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I am working on a website providing massive amount of PDFs for download and I am trying to improve the website accessibility. All I can think of is:

  1. Provide equivalent content for the PDFs when possible (text or HTML for example).
  2. Provide description for the PDF documents before the use can download them.
  3. Make it possible to search within the PDF files when the users use the website search.
  4. Make the links to the PDFs labelled by a nice icon.
  5. Inform the users that they will need a third party application (Acrobat or other PDF viewers) in order to open the documents.

Are there other ways to improve it?

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I would ask libraries.stackexchange.com –  Pierre Feb 25 '13 at 12:01
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While having the PDF available in HTML is nice it isn't that important. I'm a screen reader user and Adobe Reader's assistive technology support is pretty good for PDF's that are primarily text. –  Jared Feb 25 '13 at 13:31
    
Thanks for the feedback @Jared , it's great to hear that. –  Ahmad Alfy Feb 25 '13 at 13:35
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2 Answers

up vote 2 down vote accepted

Like Jared said, assistive technology works decently with PDFs. The question is what kind of quality control do you have. There is a few different ways of putting together a PDF. One way is scanning a document and the result is a PDF made out of images. When assistive technology hits it, all it says is image image image, great help right?

Now Adobe built in an Optical Character Recognition ability (second way), which has improved over the years, but is far from quality. For example, I was given a PDF that had OCR on it. One of the first lines had the word Articles, in italics, the OCR spit out Art/e5. The third way is to produce PDFs containing actual text. Now Office 2007/2010, have the ability to save as a PDF. Before hitting save, click the options button and ensure the "document tags for accessibility" box is checked.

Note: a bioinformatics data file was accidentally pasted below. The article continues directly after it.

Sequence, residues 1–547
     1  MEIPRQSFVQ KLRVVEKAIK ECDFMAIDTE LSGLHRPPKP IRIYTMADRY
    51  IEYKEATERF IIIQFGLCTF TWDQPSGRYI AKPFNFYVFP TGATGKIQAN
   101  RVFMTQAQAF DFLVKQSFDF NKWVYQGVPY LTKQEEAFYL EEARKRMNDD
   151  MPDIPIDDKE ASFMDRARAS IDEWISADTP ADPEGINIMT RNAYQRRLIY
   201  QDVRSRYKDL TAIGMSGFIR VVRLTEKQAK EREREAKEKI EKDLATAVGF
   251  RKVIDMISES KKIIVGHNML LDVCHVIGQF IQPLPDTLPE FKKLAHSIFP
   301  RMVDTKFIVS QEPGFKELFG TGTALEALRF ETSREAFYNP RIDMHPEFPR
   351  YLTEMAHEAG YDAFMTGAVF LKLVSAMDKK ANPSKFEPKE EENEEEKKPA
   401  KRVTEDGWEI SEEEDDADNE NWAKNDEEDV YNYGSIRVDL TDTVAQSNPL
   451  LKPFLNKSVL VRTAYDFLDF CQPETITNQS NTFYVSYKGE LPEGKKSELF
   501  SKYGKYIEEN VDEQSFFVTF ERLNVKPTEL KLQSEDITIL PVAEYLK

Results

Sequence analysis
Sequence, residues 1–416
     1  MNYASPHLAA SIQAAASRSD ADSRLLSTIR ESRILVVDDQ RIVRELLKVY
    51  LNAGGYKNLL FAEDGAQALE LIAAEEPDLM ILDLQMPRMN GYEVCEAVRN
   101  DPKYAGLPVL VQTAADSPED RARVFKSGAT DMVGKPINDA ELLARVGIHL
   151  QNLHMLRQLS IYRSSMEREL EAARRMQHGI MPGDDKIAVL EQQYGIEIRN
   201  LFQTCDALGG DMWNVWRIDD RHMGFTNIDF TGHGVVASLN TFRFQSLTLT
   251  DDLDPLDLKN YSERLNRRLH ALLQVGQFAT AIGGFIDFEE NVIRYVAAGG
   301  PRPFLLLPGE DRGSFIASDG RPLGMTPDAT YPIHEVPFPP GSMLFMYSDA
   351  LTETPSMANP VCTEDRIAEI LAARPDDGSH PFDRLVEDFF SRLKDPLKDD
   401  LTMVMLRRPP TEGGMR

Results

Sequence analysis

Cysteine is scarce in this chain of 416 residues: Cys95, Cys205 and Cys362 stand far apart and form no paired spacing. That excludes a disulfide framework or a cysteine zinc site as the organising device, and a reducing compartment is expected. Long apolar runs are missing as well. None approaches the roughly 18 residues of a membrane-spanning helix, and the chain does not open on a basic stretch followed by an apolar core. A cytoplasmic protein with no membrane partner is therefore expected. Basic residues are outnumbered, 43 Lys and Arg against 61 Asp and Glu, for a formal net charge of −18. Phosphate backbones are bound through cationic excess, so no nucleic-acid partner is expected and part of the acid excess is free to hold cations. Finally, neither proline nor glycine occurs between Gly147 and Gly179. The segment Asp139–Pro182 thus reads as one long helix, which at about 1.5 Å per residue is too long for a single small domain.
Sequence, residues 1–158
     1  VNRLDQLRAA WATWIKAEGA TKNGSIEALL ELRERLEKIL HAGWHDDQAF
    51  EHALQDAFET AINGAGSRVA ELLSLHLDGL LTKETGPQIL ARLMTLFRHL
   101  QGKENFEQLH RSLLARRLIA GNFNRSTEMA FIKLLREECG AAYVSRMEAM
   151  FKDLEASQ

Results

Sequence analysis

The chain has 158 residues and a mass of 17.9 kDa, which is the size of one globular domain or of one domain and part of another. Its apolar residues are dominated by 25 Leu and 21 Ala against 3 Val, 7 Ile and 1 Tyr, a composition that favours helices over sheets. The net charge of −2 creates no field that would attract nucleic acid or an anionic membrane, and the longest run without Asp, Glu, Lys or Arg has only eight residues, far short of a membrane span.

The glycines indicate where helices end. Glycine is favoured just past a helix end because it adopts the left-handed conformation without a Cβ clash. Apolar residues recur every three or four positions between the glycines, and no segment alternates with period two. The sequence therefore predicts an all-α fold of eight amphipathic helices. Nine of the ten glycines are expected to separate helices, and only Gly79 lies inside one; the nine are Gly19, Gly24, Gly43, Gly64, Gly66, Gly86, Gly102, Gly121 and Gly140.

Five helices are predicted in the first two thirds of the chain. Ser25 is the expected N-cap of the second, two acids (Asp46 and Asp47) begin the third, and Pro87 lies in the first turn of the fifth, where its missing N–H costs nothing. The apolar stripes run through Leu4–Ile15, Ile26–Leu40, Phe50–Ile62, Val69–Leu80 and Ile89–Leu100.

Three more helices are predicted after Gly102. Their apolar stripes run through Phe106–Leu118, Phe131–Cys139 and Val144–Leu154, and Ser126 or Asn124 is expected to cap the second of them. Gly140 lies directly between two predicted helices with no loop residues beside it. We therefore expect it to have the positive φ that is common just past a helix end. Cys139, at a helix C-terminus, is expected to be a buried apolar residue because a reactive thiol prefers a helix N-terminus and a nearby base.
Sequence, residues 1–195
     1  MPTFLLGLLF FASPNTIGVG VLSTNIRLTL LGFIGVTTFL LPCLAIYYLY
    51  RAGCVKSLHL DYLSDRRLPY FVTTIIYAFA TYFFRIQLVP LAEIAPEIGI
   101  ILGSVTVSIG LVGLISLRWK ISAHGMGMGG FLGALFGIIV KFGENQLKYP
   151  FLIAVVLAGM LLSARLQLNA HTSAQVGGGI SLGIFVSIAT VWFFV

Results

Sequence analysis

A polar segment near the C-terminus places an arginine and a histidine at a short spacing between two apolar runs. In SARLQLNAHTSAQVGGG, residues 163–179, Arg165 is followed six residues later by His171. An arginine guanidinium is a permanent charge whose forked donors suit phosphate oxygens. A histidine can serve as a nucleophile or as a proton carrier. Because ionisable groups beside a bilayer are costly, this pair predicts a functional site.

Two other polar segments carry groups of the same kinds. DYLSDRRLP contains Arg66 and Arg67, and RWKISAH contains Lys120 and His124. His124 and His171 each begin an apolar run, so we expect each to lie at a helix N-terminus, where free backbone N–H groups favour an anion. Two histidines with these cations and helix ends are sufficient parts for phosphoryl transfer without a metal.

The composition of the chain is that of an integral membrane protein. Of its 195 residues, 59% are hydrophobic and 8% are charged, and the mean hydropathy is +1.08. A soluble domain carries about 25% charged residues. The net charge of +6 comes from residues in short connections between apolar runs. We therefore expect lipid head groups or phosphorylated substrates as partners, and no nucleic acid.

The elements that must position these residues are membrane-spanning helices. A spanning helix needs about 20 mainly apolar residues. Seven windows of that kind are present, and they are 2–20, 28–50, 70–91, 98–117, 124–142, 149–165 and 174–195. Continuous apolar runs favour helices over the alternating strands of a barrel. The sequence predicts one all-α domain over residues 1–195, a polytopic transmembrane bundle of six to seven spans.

PDFs have a tag structure, like HTML, found via the Tags panel/pane. The output in 2010, is a bit cleaner than 2007, but I still recommend something like Commonlook Office to create your PDFs.

4.Make the links to the PDFs labelled by a nice icon.

You could put an icon within the link. Some people do:

<a href="...">Link text</a> <img src=".." alt="PDF icon"/>

Some people using assistive tech just browse via links, so they won't know it is a PDF before they open it. So, it is better to do:

<a href="....">Link text <img src="" alt="PDF"/></a>

5.Inform the users that they will need a third party application (Acrobat or other PDF viewers) in order to open the documents.

It is a good idea to do this, in fact Section 508 requirements say to do this. I recommend linking to Adobe Reader for two reasons.

1- if the person does not have a PDF viewer, they'll probably call their "computer expert" who probably heard of Adobe Reader, and knows the site isn't pushing some ad-ware.
2- Adobe Reader has the most built-in accessibility of the readers out there, to my knowledge. So, why would you not give the best.

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There are several things you can do to improve the accessibility of the PDFs themselves.

  • Provide "Alternate Descriptions" for images
  • Provide "Replacement Text" for items such as equations or abbreviations
  • Replacement Text can also be used to hint at the pronunciation of names
  • Mark the language, especially if it is mixed

This will assist a screen reader in properly understanding the PDF. This isn't crucial for pages that contain only text in regular paragraph layout - the reader can usually figure things out. If there are pictures, captions, jargon, names, etc, this will greatly improve the reader's performance.

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